Letters and Manuscripts — Volume 5 (1887-1888)


Lt 4, 1887

Maxson, Brother and Sister

Basel, Switzerland

February 25, 1887

Previously unpublished. +Note

Dear Brother and Sister Maxson:

I have received two letters from Sr. Maxson. I have not been indifferent to either and sought to answer the first in a way that would accomplish the most good without any evil effects. 5LtMs, Lt 4, 1887, par. 1

I was sorry when I heard you had left the sanitarium and sorry that the way of your leaving left upon Dr. Kellogg’s mind the impression that Eld. Haskell did not work fairly and frankly in this. I am afraid that he did not take a wise course. I find that policy plans are not the best. I believe in open, square work in dealing with large interests and small interests. All should be conducted on strictly honorable, noble principles between brethren, and also in dealing with unbelievers, for this is good Bible religion, <and nothing else will stand the test of the judgment. If you leave an institution, do not leave as cowards, but plainly state to the doctor the reason of your leaving.> To try to save our own feelings, to avoid censure, to conceal facts and pursue an underhanded course, or even a course that appears not quite straightforward, is not after God’s order in any case. It is the customs and fashions of this age, but it is not the fashion of Christ and is not meeting God’s standard of righteousness. 5LtMs, Lt 4, 1887, par. 2

I do not know as you were either of you to blame in this matter, but I did feel sorry that you left, for I thought you would not feel satisfied with the work that you entered upon because you had tried to prepare yourselves for a different work. I have no censure to cast upon any one, but the appearance is to the doctor as though he had not been treated fairly in this matter. I am sorry. Should you now take hold of the Ohio institution, this impression on the mind of the doctor would be confirmed, that it was a contrived plan to transfer your interest to that which to him might appear like a rival institution. The enemy will distort facts to a mind burdened and worn, and anything that should occur to leave an unhappy impression upon the mind of Dr. Kellogg, I deeply regret. He is a man who carries heavy responsibilities, and he is a man of value. He has scientific ideas which every physician does not possess. <Sanctified science is of value.> Many might have much more if they would be care taking. I fear that you made a mistake in leaving the sanitarium, but it would not be advisable for you to now leave the object which was assigned for your leaving and go into another institution in Ohio. The appearance would not be at all favorable for you. 5LtMs, Lt 4, 1887, par. 3

It may be brought around that you can connect with the institution in California. But just continue where you are until we hear from California, or you hear directly from California or through me. I write this in great haste. We are now in the midst of an institute meeting for the education and training of workers for the cause of God in its various branches. 5LtMs, Lt 4, 1887, par. 4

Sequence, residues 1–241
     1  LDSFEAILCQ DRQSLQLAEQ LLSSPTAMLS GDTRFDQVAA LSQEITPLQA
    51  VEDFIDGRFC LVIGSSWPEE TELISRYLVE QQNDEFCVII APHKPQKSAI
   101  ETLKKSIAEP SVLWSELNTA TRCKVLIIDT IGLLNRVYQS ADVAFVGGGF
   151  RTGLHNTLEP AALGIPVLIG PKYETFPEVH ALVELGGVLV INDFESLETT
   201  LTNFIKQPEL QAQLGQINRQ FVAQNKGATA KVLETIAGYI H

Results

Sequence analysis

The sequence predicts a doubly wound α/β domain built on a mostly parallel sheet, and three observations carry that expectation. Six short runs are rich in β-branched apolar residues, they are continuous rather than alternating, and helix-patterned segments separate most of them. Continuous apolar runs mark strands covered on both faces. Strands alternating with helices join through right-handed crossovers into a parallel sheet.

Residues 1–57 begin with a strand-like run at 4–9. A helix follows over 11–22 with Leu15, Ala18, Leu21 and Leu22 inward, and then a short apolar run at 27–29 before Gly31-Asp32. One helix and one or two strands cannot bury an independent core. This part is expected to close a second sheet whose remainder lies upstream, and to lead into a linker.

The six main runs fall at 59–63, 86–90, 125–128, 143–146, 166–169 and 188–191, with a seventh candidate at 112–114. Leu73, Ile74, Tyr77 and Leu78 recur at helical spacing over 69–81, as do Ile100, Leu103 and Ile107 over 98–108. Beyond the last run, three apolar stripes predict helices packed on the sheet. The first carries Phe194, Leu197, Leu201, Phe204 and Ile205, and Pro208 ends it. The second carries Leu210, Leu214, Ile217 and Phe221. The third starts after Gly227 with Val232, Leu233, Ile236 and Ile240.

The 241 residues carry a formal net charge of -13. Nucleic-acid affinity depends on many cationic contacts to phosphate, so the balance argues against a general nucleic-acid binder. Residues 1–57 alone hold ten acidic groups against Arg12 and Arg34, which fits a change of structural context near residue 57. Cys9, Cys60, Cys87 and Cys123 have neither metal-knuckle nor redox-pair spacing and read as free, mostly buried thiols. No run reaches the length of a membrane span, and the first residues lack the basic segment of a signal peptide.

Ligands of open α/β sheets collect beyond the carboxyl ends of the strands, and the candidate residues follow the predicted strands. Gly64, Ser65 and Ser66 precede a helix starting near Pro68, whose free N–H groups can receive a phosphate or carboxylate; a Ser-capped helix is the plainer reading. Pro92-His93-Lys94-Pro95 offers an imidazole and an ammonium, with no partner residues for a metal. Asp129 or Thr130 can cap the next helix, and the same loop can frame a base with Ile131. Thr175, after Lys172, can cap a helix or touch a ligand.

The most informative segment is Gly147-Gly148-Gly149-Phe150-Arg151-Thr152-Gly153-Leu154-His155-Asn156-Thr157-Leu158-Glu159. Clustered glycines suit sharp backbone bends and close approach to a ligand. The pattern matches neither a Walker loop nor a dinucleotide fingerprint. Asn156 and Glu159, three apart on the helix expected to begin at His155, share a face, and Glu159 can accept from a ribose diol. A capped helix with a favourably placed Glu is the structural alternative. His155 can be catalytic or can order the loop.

I have just come from the chapel. Our morning meetings are at half-past five o’clock. We had a good meeting. I gave them a short talk, and this was followed by a social meeting. There was a good spirit in the meeting. Our conference passed off well. I spoke twice Sabbath, once in the forenoon and once in the afternoon. There was a movement to seek the Lord. Many came forward for prayers; and when we found the whole church on their feet, we told them to be seated where they were; and many humble confessions were made with many tears, and prayers were offered for us all. Every one of us felt that we needed the help and blessing of God. 5LtMs, Lt 4, 1887, par. 5

Sunday I spoke in the forenoon on temperance, followed as usually by two interpreters, German and French. By earnest solicitation I spoke again in the evening upon temperance, and then the pledge was circulated and 37 names attached to the paper. We mean to carry this subject further. 5LtMs, Lt 4, 1887, par. 6

Monday I spoke upon health reform. Pure air, pure water, pure houses, pure premises. It is something new to the people here, but they all seem to have the fullest confidence in my mission and in the testimonies of the Spirit of God. And the way is prepared to make advanced moves upon health reform. I shall bring in testimonies as often as I can consistently upon this subject. We desire to lead them step by step, cautiously but thoroughly, until there shall be a decided change in the habits and customs of the people. We see a decided change for the better in many respects since our last conference. There is an increase in numbers and improvement in every way. There is a coming up on a higher plain, elevated, ennobled through the truth. 5LtMs, Lt 4, 1887, par. 7

In much love. 5LtMs, Lt 4, 1887, par. 8